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About this poet

Prageeta Sharma was born in Framingham, Massachusetts in 1972, shortly after her parents emigrated from India in 1969. She attended Simon’s Rock College of Bard for her undergraduate studies and received an M.F.A. in poetry from Brown University in 1995 and an M.A. in media studies from The New School in 2002.

She is the author of three collections of poetry, Infamous Landscapes (Fence Books, 2007); The Opening Question (Fence Books, 2004), winner of the 2004 Fence Modern Poets Prize; and Bliss to Fill (Subpress Collective, 2000).

Poet Lisa Jarnot has said, "Prageeta Sharma’s poems are as ever imbued with a crafty playfulness by which the appearances of the I, the you, and the we transcend tricks of the trade. Sharma cultivates mindscapes, scrutinizing the self in the midst of blooming and shifting guaranteed to exhilarate the reader."

She received a 2010 Howard Foundation Grant and has taught in the creative writing program at The New School in New York and in the Individualized BA program at Goddard College in Vermont. Sharma is currently an Associate Professor and Director of the Creative Writing Program at the University of Montana in Missoula.

Poetry Anonymous

Prageeta Sharma
Do not fall in love with a poet
they are no more honest than a stockbroker.

(Do you have a stockbroker? If you do, 
your poet is with you because you have one.) 

If you think that they are more sensitive because they care about language
pay attention to how they use language.
Are you included? Are you the "you"?

Or are you a suggestion?
Are you partially included as a suggestion? 

        Are you partially excluded because you are a concept 
        in some jewel-like nouns, almost throwaway,
        yet a perfect resemblance? 

        How does narcissism 
        assist you, who is also the object of desire?
        Do you become the tour-de-force?  

        Consider that poem's vagueness doesn't account for your complexity
        and the epithets don't suffice, you are not "one who is a horse-drawn carriage" 
        nor are you a "sparrow with hatchet." 

Perhaps they quote Mallarme when taking you to bed, 
carefully confusing you with their charm and faux-chastity.

All this before voracious body-pressing.
The lovemaking is confusing until, you remember, they said something:

thus spake the dreamboat, your poet, alarmingly announces during climax:

I spend my fires with the slender rank of prelate

and then fierce withdrawal with a rush of perseverance to flee.

You are mistaken if language furthers your devotion.
You are a fallen person now.
They care more about "you" than for you (you, the real person you).

Line after line, a private, unmediated act done to you with confusing abandon, 
flailing in its substance, however deceptive.

It will enhance your own directionlessness, 
you will be harmed. 

You cannot mediate it with caress. 

Do you think because they understand what meaning looks like, 
they have more meaning than others? 
They are the protectors of feeling, mere protectors: earnest? 
        No. They are protectors of the flawed,
        filling zones of bereftness. 
        The aftermath of pleasure. A contested zone for all.  

What about the lawyer who loves the law? 
Isn't he just a poet with a larger book—
the way they protect and subject language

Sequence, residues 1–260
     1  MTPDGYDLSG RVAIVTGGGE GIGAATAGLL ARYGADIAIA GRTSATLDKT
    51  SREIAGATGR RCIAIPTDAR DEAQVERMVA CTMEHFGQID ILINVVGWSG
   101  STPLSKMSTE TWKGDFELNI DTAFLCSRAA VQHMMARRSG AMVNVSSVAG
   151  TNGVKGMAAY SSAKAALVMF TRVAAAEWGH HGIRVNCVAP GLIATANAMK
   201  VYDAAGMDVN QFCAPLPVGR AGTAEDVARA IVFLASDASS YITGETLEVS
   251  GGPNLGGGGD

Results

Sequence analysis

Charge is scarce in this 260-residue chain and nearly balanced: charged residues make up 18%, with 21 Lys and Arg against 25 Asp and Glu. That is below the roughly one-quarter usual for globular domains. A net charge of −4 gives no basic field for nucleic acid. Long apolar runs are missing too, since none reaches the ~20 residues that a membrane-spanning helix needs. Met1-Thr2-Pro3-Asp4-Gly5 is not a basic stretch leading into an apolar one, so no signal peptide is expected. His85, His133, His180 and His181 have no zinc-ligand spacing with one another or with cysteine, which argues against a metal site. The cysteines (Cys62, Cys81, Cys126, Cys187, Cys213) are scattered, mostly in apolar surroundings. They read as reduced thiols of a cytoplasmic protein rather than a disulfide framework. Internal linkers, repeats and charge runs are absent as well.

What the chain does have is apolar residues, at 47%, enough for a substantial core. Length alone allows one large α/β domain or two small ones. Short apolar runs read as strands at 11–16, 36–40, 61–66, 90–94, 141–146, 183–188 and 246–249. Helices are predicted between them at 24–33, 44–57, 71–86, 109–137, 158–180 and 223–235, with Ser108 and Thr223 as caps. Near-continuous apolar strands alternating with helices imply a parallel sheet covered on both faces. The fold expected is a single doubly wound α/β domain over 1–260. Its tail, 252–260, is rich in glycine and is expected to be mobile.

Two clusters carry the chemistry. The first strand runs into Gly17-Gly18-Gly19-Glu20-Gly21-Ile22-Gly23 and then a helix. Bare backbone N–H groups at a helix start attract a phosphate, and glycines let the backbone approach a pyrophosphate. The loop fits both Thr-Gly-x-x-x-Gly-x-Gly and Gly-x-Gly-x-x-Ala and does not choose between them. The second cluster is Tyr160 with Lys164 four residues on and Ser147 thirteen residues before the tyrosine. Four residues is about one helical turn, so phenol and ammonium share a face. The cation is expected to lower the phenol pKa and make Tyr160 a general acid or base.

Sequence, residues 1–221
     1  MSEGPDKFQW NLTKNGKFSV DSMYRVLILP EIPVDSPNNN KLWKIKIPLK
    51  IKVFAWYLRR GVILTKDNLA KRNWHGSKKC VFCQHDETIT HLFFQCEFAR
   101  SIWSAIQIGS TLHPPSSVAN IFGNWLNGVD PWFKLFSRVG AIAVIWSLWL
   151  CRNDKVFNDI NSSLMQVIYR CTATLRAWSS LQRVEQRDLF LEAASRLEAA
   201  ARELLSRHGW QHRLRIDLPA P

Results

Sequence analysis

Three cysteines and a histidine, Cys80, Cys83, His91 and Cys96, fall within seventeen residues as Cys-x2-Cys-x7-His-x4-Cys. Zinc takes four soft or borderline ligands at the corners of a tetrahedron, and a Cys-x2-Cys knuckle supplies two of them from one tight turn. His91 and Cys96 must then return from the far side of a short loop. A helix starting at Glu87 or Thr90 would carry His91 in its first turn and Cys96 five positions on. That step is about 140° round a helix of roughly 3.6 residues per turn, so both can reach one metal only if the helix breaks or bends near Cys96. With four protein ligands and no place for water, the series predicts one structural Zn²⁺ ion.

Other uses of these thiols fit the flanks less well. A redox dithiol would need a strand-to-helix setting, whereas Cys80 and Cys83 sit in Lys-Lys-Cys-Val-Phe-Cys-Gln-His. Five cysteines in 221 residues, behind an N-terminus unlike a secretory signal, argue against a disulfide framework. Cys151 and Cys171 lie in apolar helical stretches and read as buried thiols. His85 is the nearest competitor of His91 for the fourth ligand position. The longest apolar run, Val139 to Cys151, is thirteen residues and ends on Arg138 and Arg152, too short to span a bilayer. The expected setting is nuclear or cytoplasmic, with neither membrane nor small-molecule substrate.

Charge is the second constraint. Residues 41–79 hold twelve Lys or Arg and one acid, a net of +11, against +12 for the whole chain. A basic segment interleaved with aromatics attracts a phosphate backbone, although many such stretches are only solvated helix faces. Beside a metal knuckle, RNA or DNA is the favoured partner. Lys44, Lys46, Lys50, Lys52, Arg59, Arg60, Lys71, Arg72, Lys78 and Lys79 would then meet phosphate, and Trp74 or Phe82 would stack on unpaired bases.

to sense-making? 

A kind of cognitive patternization. 

Ultimately, both undertake the hijacking of language, 
they won't love you the way
you are; it's in this inability to love— 
unless you embody the poem— 
you embody the law and its turn of phrase.
Unless you see the poet clearly: loving utterance, 
an unadulterated utterance—seized and insular. 

You must entice with otherness.
        You must catch the poem as a muse does. 
You must muse and muse and muse. 

In thralldom to encounters that stand in for sexual ones, 
we terrorize with sense-making, 

it stands in for intimacy. 

It stands in and suggests that all other kinds of feelings 
and declarations yield to it.

It will move you if you ask for permission 
to exist within its confines,
and you move the poet toward you and you hold the poet's head,
wrapping your arms around it 
strapped in your wordless hold, but soon words do come 

and in the trailing off of speech, you will be permanently lost.

Copyright © 2010 by Prageeta Sharma. Used by permission of the author.

Copyright © 2010 by Prageeta Sharma. Used by permission of the author.

Prageeta Sharma

Prageeta Sharma

Prageeta Sharma was born in Framingham, Massachusetts in 1972, shortly after her parents emigrated from India in 1969. She attended Simon’s Rock College of Bard for her undergraduate studies and received an M.F.A. in poetry from Brown University in 1995 and an M.A. in media studies from The New School in 2002.

She is the author of three collections of poetry, Infamous Landscapes (Fence Books, 2007); The Opening Question (Fence Books, 2004), winner of the 2004 Fence Modern Poets Prize; and Bliss to Fill (Subpress Collective, 2000).

by this poet

poem
Clatter into the window this late night.  
We were flabbergasted, tired
of the newly-minted drunks and meth-kids
with squeals for fists.

We live downtown, 
exposed to the alley. 

Nothing dangerous, and we were not alarmed. 
But still, every sound turns us into pins on points,

a sleep
poem
I find ways to keep a sense of peace
but it is not always easy; for example,
I can't keep my questions tempered.
What kind of sun expounds its rays
upon the hills but then mutes
like an ordinary bulb, small
and self-contained?
Moreover, what moon filters
the blistering whiteness of
snow so that it can only be